This WaPo piece by James Hohmann makes a strong point that one hears a good deal these days: the Hillary Clinton campaign failed to provide hope that her administration could bring good jobs back to key swing states like Ohio, while the Trump campaign succeeded in hammering that message home.
The piece focuses on a foresightful memo written in May by David Betras, a Democrat operative in Ohio, warning that Ms. Clinton was getting beat on the jobs message:
“More than two decades after its enactment, NAFTA remains a red flag for area voters who rightly or wrongly blame trade for the devastating job losses that took place at Packard Electric, GM, GE, numerous steel companies, as well as the firms that supplied those major employers,” Betras…tried to explain to the Clinton high command. “Thousands of workers in Ohio … continue to qualify for Trade Readjustment Act assistance because their jobs are being shipped overseas.”
“Look, I’m as progressive as anybody, okay? But people in the heartland thought the Democratic Party cared more about where someone else went to the restroom than whether they had a good-paying job,” he complained. “‘Stronger together’ doesn’t get anyone a job.”
“The messages can’t be about ‘job retraining.’ These folks have heard it a million times and, frankly, they think it’s complete and total bulls**t,” he continued.“Talk about policies that will incentivize companies to repatriate manufacturing jobs. Talk about infrastructure … The workers we’re talking about don’t want to run computers; they want to run back hoes, dig ditches (and) sling concrete block. … Somewhere along the line we forgot that not everyone wants to be white collar.”
Like I said, that’s a perfectly smart, defensible rap that in hindsight looks awfully prophetic. But something very big and very important is missing from Betras’ warning and Hohmann’s analysis: neither Democrats nor Republicans really know what to do to help these workers and their communities.
Trump was either devious or smart enough–choose your adjective–to pretend he had/has a solution and to successfully sell a nostalgic vision to these voters. Frankly, I’m not sure many believed him as much as they didn’t see much reason for going with her and figured they’d give him a chance. If he fails to deliver, as I suspect he will, they’ll throw him out when they get the chance.
Hillary Clinton was a lot more fundamentally honest about this issue of bringing the factory jobs back to the swing states in the Rust Belt. Instead, she told a more complicated story about reshaping globalization through better trade deals and investing in advanced manufacturing, and yes, retraining workers. Precisely the stuff Betras correctly said would not resonate.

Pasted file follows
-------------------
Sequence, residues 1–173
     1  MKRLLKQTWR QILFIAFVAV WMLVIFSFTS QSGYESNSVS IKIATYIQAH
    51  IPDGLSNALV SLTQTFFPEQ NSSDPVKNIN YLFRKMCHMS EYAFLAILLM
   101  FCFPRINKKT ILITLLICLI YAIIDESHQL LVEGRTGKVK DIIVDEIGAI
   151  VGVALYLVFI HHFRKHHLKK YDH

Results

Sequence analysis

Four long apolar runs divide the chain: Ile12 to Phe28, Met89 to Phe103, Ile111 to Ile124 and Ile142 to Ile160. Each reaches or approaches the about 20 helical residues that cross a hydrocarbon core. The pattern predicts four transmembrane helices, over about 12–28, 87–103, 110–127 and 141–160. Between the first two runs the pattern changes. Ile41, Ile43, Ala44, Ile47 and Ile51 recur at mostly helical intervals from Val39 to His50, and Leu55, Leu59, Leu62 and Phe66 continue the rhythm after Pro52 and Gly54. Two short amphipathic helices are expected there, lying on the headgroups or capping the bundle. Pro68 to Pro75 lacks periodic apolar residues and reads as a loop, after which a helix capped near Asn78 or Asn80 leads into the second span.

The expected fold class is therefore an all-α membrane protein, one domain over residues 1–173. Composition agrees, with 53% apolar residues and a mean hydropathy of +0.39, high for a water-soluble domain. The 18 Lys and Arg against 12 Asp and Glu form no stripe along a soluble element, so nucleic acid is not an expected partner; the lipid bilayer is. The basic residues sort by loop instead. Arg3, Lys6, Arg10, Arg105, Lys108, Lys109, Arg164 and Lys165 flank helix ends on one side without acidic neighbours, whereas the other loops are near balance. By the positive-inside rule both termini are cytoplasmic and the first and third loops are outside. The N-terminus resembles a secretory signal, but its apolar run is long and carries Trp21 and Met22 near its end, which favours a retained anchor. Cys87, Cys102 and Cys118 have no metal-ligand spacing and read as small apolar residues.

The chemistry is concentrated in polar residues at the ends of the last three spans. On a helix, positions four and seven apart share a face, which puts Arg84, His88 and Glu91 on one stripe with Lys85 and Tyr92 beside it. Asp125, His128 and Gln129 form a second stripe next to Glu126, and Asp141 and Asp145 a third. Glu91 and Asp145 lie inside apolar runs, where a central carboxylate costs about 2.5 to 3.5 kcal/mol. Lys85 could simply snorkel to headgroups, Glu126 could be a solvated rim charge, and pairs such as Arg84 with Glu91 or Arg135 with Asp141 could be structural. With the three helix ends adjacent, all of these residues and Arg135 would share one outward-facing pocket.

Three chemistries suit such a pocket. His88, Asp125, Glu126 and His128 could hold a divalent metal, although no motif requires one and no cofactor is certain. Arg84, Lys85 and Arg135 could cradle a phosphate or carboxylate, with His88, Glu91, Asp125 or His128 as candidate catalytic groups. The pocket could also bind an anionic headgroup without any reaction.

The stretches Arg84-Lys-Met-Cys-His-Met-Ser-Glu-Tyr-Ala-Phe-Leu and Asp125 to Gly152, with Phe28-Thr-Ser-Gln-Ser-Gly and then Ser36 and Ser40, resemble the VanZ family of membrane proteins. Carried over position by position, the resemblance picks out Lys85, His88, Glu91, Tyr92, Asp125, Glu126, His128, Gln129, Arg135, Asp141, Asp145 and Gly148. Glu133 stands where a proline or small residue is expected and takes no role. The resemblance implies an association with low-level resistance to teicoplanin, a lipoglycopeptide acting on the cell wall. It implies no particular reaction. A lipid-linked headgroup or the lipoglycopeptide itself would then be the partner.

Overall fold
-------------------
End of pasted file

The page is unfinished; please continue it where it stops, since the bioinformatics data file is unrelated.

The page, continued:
But as long as we’re being honest, we must admit that neither side has a strong, convincing plan to restore high-value added jobs to the many communities that have lost much of their manufacturing base.
We’re much better, as Democrats, at policies that help the poor. Higher minimum wages and strong work supports like the Earned Income and Child Tax Credits can combine to make what would be a $15,000 job a $30,000 job (e.g., raise the minimum from $7.25 to $12 and add $5K of refundable tax credits; sprinkle liberally [sic] with affordable health care).
But when it comes to pushing back on the impact of globalization–to “repatriating manufacturing jobs” as Betras called for–we’re at much more of a loss.
This must change, and not just for political reasons (though that should be a strong motivator for politicos), but for policy reasons.
The deeply flawed premise through which elites have long operated is that trade is a net plus for everyone as long as the winners compensate the losers. But in the real world, the winners both fail to do so and use their winnings to buy tax and deregulatory policies that further screw the losers.
I’ve studied this problem for years and don’t have anything like a complete answer. I do know that we must start by lowering our economically large, persistent, and distortionary trade deficit, especially to the extent that it is pumped up by other countries manipulating savings and exchange rates. Also, Betras is right about a robust infrastructure program, but that’s a temporary fix.
But I would strongly urge my colleagues in the progressive policy analytic community (and the foundations that support them) to move this problem–the loss of good, middle-class jobs in significant swaths of the nation–to the top of their agendas. We’ve gone too long without an answer to this one, and the consequences are not at all pretty.